Art Ellis: Failing out of freshman engineering got me hooked on public media

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Current is marking the 50th anniversary of the Public Broadcasting Act by illuminating the experiences that inspired people to choose to work in public media. Every week, we are sharing their stories using the hashtag #IAmPublicMedia. Current is also collecting longer contributions, like this one. If you’d like us to feature your story, submit it here.

If I hadn’t failed math, chemistry and physics in my freshman year in college, I might never have gotten hooked on public media. But as I searched for a new major to replace my suddenly diminishing interest in engineering, I found purpose and a new direction in the basement-level studios of WRUW-FM in Cleveland.

On most days, the audience of the then–10-watt college station was no doubt minuscule. All that changed when anti-Vietnam war protests hit the campus. A call-in program brought together divergent voices. Activists shared advance notice of their plans. The administration trusted the station to disseminate official news, and the Faculty Senate’s “closed door” meetings were open only to the live microphones of the public station.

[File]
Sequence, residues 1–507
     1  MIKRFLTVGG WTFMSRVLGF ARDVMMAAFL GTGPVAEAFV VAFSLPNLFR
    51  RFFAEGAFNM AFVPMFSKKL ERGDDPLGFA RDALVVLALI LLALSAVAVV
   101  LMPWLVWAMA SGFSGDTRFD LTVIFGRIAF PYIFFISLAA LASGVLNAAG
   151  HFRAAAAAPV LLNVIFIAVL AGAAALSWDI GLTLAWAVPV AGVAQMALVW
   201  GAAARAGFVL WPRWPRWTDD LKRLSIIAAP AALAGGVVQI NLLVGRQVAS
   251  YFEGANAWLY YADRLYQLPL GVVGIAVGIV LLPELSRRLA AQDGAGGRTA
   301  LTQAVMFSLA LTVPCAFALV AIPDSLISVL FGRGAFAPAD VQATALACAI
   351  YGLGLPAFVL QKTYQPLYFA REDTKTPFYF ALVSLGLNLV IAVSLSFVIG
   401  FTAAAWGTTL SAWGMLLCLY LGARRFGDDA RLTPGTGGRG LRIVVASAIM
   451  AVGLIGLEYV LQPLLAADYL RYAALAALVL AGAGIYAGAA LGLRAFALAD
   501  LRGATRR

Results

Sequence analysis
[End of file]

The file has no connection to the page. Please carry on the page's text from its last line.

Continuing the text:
After college I initially found rewarding work in the public relations field. A dozen years later, my passion for media and my skill set came together when I landed a publicist job at WHYY. I walked into the building pinching myself in disbelief that I could make the move from devoted listener to paid advocate.

These days I’m often too far removed from the adrenaline rush of getting a great story on the air. My schedule is filled with budgets, goals, meetings and projects to manage. When I need inspiration, there’s a simple answer: I stop at one of our member events and inevitably end up chatting with a listener or viewer who can’t stop thanking all of us in public media for the service we provide.

If that’s not enough, it looks like PBS LearningMedia can even help me brush up on calculus.